But broccoli leaves are their own superfood, with even higher amounts of beta carotene than the florets, along with vitamin A (which is important for vision and skin health) and phytonutrients that aren’t found in the florets or stems.
That means if you’re a gardener who’s used to composting broccoli leaves or ignoring them while you wait for the heads to form, you are missing out on the many free health benefits of this amazing crop.
How to harvest broccoli leaves
If you grow your own broccoli, you can start to harvest a few of the outer (older) leaves every week once they reach 4 to 6 inches long.
After the plant forms a crown, you can harvest the broccoli head but continue to pick the leaves until you can no longer keep up… seriously!
Broccoli is an incredible cut-and-come-again crop, and new leaves remain tender even when the rest of the plant is getting tall and unwieldy.
When I lived in Southern California, I could keep my broccoli growing year-round in the mild coastal climate (zone 10b).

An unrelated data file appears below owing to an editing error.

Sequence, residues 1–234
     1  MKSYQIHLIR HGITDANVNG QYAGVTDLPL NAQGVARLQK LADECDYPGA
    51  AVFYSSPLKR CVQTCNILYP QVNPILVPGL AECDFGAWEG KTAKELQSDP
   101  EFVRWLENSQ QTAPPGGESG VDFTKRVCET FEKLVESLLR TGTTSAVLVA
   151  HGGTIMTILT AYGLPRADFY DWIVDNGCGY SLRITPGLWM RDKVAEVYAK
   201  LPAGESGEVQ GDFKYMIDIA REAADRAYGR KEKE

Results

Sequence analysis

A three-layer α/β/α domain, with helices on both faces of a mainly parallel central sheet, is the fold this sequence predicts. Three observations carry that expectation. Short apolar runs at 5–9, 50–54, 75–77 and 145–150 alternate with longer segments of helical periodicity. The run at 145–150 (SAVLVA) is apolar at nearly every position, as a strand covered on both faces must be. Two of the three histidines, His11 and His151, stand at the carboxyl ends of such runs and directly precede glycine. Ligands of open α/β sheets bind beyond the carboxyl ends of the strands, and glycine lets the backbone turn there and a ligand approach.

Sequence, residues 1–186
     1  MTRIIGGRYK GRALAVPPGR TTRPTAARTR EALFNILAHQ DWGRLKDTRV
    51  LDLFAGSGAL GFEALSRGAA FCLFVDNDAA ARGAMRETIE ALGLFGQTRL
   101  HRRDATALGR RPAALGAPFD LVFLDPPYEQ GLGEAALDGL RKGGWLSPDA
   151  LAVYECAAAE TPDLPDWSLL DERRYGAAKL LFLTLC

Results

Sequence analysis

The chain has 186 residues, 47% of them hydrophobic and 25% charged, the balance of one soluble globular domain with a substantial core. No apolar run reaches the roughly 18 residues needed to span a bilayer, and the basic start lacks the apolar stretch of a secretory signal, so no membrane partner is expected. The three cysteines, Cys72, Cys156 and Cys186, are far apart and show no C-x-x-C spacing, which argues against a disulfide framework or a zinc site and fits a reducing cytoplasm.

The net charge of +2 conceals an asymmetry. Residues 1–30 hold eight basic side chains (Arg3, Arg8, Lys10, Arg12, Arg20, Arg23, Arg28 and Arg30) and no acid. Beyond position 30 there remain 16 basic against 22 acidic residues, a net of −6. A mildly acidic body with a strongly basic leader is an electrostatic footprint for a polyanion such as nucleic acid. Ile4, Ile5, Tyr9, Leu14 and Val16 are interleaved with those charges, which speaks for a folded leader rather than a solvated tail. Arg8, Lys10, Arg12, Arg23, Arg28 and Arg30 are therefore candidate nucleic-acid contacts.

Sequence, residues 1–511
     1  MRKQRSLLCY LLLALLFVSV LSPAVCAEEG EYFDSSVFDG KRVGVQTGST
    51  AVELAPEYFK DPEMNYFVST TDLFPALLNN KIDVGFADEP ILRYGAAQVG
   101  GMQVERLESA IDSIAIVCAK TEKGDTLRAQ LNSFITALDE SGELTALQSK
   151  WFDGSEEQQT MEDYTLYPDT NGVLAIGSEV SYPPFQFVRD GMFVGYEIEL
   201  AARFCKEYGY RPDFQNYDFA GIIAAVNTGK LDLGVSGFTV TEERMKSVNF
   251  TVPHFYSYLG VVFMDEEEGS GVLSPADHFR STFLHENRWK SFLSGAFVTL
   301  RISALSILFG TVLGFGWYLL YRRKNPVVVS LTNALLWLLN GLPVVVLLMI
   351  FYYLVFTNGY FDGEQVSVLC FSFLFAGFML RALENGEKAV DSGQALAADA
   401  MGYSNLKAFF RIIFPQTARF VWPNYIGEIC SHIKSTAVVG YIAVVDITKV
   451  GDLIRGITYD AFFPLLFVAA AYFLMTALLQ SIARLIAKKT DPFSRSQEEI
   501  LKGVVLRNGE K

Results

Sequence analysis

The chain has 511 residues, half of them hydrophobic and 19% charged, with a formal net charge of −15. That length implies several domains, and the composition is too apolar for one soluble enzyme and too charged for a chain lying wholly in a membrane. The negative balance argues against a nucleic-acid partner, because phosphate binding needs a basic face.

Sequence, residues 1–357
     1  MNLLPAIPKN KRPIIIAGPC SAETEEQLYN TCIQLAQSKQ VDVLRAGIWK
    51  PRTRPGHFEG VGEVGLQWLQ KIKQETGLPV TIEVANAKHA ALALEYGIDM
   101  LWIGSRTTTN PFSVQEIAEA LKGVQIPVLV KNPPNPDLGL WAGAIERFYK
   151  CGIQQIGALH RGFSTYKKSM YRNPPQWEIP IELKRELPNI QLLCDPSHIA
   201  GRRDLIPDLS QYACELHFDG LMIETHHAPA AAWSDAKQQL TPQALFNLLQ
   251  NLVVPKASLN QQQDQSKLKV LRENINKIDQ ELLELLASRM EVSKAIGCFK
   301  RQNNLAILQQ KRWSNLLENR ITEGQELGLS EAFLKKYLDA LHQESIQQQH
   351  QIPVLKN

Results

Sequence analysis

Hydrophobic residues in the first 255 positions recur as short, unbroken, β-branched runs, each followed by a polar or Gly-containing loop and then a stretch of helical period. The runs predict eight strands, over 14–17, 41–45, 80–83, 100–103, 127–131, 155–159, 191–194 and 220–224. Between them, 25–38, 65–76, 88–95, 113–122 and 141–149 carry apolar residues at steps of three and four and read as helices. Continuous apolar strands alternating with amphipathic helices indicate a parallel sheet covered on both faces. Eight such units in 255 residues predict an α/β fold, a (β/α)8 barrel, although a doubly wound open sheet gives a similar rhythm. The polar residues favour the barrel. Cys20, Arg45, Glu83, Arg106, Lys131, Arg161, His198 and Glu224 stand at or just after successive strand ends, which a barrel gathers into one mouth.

These second-year plants were still thriving despite having all the crowns harvested moons ago, and on some of the plants, I’d stripped them clean of leaves to cook with!
(It’s hard to tell without a frame of reference, but the tallest broccoli plant in the back had grown almost 5 feet tall!)
Let’s just say… we got our fill and didn’t grow anymore broccoli the following year.
How to use and cook broccoli greens
Texture- and appearance-wise, broccoli greens are similar to collard greens, as both plants belong to the mustard (Brassicaceae) family.
The large leaves may look intimidating, but they’re easy to harvest and work with in the kitchen. You can eat broccoli leaves raw or you can cook them a number of ways; heat makes them sweeter.
If you pick younger broccoli leaves off the plant, they’re tender enough to toss raw into a salad or stuff into a sandwich.
Medium leaves are the perfect size and thickness to fill with veggies and meat, à la cabbage rolls. I also like to wrap them around a chicken salad or tuna salad (instead of using tortillas or pitas)
Large leaves work best in braises, soups, and stews, where they’ll stand up to a long simmer and soak up loads of rich flavor. They can even take a quick sear on the grill (try misting them with a little oil and seasoning with salt and pepper).
You can make broccoli leaf chips the same way you make kale chips. If you’re a fan of green smoothies, you can even juice broccoli leaves.